Tunas cabin is the starboard aft cabin. We use a large tub liter box with a lid, and put it on the floor. We chose this setup in an effort to prevent spillage when the boat gets rocky. Weather we are underway or tied to the mooring, the boat gets rocky and things spill. There are also two windows in the cabin and the door is right next to the companionway, so the circulation of fresh air helps with the smell.

We keep her food and water on a nonslip mat to prevent it from sliding around throughout the day. So far this set up has worked very well. Keeping her food elevated also helps keep her eating environment clean, despite being in the room with her liter box.

personal

To you, ZV

To the boat that is the answer to my dreams

To the woman she is named after

To my mother who not only gave me life but gave up hers for mine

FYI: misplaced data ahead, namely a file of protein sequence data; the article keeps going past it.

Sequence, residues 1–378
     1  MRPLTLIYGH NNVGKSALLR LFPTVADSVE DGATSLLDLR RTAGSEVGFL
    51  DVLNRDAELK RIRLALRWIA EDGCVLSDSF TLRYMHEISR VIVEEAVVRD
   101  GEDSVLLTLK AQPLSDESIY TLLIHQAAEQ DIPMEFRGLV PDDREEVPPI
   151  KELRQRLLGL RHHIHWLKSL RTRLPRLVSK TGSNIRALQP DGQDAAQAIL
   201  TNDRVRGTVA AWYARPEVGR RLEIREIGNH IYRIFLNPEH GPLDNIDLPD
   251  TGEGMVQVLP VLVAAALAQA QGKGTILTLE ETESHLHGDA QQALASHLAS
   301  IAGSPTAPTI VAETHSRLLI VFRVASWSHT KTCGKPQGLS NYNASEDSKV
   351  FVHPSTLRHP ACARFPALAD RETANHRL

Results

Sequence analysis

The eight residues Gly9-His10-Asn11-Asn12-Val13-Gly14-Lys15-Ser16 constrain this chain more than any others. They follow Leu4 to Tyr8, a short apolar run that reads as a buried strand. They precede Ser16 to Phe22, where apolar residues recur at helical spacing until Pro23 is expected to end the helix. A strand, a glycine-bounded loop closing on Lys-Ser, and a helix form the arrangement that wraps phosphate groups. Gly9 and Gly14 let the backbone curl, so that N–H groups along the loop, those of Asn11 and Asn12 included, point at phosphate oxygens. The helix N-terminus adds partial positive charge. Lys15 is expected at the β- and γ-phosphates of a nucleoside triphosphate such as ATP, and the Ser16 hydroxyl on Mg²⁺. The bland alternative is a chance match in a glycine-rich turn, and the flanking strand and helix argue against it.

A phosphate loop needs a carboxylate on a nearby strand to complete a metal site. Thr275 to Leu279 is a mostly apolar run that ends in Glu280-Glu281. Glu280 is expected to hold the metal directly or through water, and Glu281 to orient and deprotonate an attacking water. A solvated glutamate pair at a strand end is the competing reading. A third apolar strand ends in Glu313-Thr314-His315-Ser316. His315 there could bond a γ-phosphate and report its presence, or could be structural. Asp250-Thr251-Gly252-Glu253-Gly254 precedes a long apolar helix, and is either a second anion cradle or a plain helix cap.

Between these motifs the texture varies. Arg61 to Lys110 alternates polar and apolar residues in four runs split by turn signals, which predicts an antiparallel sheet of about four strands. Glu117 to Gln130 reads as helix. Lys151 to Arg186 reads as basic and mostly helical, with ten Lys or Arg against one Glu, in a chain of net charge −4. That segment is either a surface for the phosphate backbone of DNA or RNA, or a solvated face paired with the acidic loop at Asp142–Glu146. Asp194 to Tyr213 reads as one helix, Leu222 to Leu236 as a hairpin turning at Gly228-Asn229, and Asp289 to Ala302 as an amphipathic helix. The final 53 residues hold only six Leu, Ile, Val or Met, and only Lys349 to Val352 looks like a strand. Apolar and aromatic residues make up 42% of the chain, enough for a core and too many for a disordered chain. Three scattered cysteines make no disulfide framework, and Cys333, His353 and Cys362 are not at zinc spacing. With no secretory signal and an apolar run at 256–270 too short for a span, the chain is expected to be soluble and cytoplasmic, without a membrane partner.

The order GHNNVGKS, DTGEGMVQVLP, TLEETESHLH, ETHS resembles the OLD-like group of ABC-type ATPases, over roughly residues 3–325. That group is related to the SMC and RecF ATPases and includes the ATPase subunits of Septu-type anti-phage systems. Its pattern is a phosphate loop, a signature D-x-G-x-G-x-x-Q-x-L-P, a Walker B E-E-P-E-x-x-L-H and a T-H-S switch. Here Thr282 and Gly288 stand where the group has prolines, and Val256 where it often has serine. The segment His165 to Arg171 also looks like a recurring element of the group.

To the person that lifted me up for 26 years

To the one that caught me when I fell

I’m bringing you with me one way or another because this is not my, but our story to tell


Some of you might be wondering what SVZV stands for. I only use her initials purposely, because to introduce her name without telling the story behind it wouldn’t feel right. SVZV stands for Sailing Vessel Zayna Vnnette. Zayna Vnnette is my mother’s name.

For those who have lost a loved one, you know that there is nothing I can say to adequately describe the pain. The all consuming darkness that eats you from the inside out and rears its ugly head every time there’s silence. The physical discomfort of every heart beat. The dreams where you can still feel their embrace. The pit in your throat blocking your breath every time you see something beautiful, hear something funny, or have a story to tell and the one person you want to share it with is gone. Forever.